EveryBlock, the nifty neighborhood data provider, has redesigned its website and shifted its focus. In a post on EveryBlock’s blog, founder Adrian Holovaty says that the site will change from a “one-way funnel of information,” to a more collaborative enterprise that’s “about participation more than passive consumption.”
EveryBlock, now a unit of MSNBC.com, has always been a good resource for community-minded people (including hyperlocal editors). It aggregates tons of data that would otherwise take hours to compile, including crime reports, restaurant inspections and real estate listings. But its dry design and minimal apparent oversight made it the kind of place where you stopped by briefly without ever pausing to look around.
The redesign could help make EveryBlock more hospitable. The site looks a lot better now, and it’s more interactive. Basically, people can post comments and ideas on the site more easily now, send messages to their neighbors and “thank” neighbors for their additions, thereby establishing a kind of ranking system based on usefulness and credibility. Holovaty made it clear that he’s not building another social network (Thank God!) and merely wants to create a space where people can find others in their neighborhood with similar concerns.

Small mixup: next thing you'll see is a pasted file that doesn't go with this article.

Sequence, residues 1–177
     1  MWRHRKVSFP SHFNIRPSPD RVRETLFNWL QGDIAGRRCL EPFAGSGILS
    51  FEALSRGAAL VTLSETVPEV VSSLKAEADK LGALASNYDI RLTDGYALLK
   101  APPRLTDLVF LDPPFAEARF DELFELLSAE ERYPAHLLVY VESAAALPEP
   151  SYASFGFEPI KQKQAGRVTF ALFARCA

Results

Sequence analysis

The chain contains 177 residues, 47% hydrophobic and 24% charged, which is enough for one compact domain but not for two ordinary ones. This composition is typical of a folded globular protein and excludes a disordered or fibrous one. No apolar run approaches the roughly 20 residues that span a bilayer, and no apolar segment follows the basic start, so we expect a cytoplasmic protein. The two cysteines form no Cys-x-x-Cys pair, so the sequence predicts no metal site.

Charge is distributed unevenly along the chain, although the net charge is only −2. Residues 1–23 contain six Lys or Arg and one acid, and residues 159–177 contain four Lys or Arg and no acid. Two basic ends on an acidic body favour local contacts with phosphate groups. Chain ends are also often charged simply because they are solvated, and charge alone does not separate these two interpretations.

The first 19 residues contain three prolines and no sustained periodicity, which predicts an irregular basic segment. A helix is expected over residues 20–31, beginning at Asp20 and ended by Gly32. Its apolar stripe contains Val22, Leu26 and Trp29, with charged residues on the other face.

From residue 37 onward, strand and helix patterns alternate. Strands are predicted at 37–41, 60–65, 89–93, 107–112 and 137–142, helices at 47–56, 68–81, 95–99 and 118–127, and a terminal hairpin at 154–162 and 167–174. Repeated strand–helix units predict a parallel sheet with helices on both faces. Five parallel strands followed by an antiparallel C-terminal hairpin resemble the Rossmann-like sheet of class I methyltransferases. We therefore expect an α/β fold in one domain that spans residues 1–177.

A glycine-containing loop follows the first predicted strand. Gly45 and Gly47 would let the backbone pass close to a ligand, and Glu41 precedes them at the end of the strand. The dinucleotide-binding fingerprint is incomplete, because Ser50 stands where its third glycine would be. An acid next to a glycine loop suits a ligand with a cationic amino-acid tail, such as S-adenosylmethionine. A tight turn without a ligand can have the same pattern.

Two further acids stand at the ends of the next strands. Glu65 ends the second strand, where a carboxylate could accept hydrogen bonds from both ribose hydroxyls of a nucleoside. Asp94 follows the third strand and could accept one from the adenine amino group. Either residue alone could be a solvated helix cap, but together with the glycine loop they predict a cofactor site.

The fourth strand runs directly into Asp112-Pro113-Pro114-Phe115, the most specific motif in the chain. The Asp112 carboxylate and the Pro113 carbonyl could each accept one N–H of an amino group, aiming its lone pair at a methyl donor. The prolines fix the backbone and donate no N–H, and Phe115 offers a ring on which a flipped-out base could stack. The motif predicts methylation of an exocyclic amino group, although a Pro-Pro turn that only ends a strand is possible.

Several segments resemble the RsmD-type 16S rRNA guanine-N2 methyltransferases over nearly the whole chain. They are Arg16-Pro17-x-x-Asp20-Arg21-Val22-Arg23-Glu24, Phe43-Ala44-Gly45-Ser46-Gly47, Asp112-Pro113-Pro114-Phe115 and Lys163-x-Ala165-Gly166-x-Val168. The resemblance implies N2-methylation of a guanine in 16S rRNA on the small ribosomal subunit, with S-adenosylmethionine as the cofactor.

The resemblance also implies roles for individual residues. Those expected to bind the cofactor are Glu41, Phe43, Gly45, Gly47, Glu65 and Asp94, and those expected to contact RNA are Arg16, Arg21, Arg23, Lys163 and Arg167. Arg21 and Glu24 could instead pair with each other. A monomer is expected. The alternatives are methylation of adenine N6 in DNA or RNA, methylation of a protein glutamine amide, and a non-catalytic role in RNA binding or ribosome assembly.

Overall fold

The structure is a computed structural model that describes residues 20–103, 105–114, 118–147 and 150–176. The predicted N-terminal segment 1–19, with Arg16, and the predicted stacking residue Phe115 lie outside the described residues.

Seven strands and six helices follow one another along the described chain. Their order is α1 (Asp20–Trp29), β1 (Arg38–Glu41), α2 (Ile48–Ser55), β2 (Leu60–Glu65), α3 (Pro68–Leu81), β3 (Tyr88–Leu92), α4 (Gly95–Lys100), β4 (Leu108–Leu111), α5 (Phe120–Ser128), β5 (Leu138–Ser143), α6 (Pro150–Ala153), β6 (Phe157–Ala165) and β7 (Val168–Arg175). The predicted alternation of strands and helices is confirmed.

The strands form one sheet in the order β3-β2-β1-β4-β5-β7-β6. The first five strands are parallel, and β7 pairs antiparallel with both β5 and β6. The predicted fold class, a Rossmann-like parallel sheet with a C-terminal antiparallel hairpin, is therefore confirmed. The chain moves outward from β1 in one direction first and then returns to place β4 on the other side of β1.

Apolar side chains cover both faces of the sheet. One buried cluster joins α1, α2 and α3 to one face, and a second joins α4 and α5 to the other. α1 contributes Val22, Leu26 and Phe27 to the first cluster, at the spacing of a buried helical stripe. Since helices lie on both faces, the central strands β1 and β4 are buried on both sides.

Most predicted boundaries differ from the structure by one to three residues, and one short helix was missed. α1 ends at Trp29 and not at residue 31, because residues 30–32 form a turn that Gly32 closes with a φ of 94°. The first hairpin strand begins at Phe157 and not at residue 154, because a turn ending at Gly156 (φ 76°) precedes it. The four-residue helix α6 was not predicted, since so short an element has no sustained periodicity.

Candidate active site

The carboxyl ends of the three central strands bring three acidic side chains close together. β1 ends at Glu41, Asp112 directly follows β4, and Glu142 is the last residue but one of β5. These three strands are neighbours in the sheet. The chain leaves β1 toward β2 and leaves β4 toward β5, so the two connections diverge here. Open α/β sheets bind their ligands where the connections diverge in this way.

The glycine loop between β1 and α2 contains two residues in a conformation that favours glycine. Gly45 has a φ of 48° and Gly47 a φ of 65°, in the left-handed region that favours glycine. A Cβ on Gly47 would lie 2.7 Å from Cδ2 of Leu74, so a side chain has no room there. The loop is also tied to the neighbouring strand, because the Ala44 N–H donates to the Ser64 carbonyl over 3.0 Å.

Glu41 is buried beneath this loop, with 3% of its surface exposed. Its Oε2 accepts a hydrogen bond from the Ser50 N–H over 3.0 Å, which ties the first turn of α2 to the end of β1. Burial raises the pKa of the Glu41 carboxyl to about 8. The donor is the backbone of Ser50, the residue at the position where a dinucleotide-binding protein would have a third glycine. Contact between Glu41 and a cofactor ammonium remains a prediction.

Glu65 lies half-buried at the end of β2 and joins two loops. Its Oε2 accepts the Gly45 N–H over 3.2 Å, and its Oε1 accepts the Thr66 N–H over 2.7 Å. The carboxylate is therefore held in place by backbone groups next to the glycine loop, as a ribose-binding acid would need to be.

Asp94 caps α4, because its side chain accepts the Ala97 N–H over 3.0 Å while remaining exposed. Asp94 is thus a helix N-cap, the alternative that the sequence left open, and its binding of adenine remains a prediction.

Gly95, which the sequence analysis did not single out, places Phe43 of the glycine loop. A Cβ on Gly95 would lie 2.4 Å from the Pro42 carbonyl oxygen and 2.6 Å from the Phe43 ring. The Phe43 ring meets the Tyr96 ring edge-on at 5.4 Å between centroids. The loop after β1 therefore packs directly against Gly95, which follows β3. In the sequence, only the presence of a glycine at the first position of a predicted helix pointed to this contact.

But isn’t this new spruced-up EveryBlock actually competition for hyperlocal sites, many of which are trying to offer the same kind of community forum? Certainly, EveryBlock could take traffic from hyperlocal sites, particularly if people in the community don’t think they’re getting enough important local information from the sites. But in general, I think the more people have access to community information, the more likely they are to get involved and care about their community — meaning they are probably more likely to read their local websites. Also, EveryBlock drives traffic to local sites — if your site isn’t listed in their news section, get in touch with them. They’re generally happy to oblige.
I’m not sure how MSNBC.com expects to monetize EveryBlock, because its mission really sounds more philanthropic. But that’s their problem. In the meantime, hyperlocal editors can take advantage of EveryBlock’s tools to make their own reporting better.